The future of zero hours contracts under review
It is believed that around one million people in the UK are currently working under zero hours contract arrangements within which the employer is not obligated to provide work, according to experts at Linder Myers.Universities and councils have been highlighted in the press as being heavily reliant on these types of arrangements receiving criticism from the unions while business secretary Vince Cable has ordered a review.
Arrangements on this basis can provide flexibility to employers, particularly those operating in sectors which often experience fluctuations in demand and where it is beneficial to engage workers on a genuine ‘as and when required basis’.However, many employers fall into the trap of offering these types of contracts to mask or hide a true employment relationship which involves regular hours consistently worked over an extended period of time.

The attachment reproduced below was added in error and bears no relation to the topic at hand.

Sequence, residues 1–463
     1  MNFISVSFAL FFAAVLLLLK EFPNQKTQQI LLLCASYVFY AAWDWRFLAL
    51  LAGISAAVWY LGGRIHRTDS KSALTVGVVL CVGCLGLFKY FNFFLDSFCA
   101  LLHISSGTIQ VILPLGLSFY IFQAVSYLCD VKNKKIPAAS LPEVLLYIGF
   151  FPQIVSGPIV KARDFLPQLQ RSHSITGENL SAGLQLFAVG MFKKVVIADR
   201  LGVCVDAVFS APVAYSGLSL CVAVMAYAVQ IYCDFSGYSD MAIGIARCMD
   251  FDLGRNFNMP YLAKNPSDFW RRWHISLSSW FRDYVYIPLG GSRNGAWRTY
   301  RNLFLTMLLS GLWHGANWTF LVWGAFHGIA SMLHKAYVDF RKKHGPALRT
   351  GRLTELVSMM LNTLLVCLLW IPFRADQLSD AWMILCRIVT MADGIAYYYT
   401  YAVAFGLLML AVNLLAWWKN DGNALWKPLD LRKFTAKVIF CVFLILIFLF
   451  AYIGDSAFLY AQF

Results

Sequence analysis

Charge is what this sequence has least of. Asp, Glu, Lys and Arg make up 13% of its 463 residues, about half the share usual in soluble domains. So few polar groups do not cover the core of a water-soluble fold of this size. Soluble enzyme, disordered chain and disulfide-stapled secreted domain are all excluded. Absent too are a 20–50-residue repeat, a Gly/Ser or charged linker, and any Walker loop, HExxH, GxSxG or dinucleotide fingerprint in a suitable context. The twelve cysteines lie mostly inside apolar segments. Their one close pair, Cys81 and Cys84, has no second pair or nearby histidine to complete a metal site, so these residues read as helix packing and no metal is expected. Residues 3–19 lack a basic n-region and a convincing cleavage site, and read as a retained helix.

The risk to businesses operating in this fashion is that if faced by a Tribunal, the true nature of the working relationship will be closely examined and exposed and they may find themselves subject to expensive claims being made against them. While the future of zero hours contracts remains to be seen, it is advisable for businesses, particularly SMEs who can ill afford any action to be taken against them, to ensure they take appropriate advice.